Workforce Analyses Using Combined Human Resources and Child Welfare Data

When examining workforce data, it can be valuable to capitalize on data from both human resources (HR) databases and child welfare (CW) information systems. Each can be useful on their own, but additional information can be learned when the two types of data are connected. Child welfare system data can serve as objective measures of employee job performance, which is one of the most important workforce outcomes to measure, particularly when examining the effectiveness of various workforce decisions and practices. In addition, child welfare case data can provide useful contextual information for studying workforce outcomes.

Though child welfare information system data are often used to calculate metrics that serve as indicators of agency or unit performance, there is no universal set of worker-level performance measures, especially for day-to-day performance (vs. more long-term outcomes). This is because performance measures depend on the worker’s role, different agencies have different work practices, and child welfare information systems vary across agencies. Therefore, to capitalize on child welfare information as a source of performance indicators, it is recommended that supervisors and SACWIS trainers be consulted for guidance on the best types of information in a given agency. Examples of questions to ask include: What kinds of system data are red flags for performance issues? Is there system functionality that alerts supervisors to overdue tasks or missing items (e.g., through tasks lists, action items, or overdue ticklers or alerts)? Are there records of supervisors’ responses to submitted work (e.g., approved, revisions requested, not approved, or overridden)? Once performance measures are derived from child welfare system data and connected to human resources data, they can be used to examine things like functional vs. dysfunctional turnover or the effectiveness of various recruiting or hiring strategies.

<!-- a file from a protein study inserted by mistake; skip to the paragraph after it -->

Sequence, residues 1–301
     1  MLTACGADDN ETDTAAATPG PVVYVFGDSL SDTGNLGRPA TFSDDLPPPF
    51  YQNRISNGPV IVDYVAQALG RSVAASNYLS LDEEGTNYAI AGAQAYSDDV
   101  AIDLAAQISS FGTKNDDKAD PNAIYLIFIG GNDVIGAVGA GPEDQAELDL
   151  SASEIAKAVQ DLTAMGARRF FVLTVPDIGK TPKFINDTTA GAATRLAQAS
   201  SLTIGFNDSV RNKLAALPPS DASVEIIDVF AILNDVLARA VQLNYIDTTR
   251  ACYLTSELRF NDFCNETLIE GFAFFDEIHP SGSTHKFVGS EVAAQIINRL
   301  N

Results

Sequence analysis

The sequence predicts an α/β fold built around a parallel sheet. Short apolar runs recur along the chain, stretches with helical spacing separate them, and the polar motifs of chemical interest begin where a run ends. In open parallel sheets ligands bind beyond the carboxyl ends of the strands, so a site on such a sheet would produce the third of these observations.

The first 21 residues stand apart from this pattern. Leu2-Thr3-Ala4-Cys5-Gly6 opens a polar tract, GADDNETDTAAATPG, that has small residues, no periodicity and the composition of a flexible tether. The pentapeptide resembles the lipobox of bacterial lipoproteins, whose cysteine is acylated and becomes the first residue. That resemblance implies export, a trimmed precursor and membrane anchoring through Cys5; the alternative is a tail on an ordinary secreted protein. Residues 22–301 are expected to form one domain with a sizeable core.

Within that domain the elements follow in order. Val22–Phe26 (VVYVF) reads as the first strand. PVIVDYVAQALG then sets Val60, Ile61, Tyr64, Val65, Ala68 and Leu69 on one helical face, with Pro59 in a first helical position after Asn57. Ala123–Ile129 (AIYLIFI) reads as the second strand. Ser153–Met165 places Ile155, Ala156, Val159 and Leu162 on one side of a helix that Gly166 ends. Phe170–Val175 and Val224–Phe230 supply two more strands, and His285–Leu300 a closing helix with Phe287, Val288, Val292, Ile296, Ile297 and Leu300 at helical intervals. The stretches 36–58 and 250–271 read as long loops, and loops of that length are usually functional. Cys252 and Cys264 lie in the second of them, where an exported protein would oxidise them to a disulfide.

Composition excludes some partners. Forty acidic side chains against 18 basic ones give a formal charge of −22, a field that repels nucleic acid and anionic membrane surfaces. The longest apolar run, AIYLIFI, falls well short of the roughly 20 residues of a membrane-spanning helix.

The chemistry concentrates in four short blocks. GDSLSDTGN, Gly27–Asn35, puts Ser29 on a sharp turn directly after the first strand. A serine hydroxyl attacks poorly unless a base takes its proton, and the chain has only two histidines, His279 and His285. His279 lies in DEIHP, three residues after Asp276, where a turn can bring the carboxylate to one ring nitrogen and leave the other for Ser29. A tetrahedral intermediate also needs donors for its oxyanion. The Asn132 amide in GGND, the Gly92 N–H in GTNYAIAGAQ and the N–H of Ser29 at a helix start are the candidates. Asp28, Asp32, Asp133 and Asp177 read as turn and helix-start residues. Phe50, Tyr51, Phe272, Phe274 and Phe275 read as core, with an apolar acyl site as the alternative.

Child welfare data can also provide useful contextual information for studying workforce outcomes. More specifically, case characteristics and events (e.g., degree of complexity, unsuccessful reunifications) may influence worker’s job attitudes (e.g., engagement, job satisfaction), sense of well-being (e.g., burnout, stress), and retention. Thus, examining case-level data can provide an additional perspective on other workforce data.

In this video, Megan Paul, QIC-WD Workforce Team Lead, provides further details on important child welfare data that would be useful to combine with human resources data.

Workforce Analyses Using Combined Human Resources and Child Welfare Data is a resource that provides further details on using child welfare data (along with human resources data) as measures of performance and job context.

The content contained in this blog post was developed as part of the QIC-WD’s Child Welfare Workforce Analytics Institute. The Institute was designed to facilitate growth and collaboration between leaders in child welfare and human resources in their awareness, knowledge, and use of data analytics.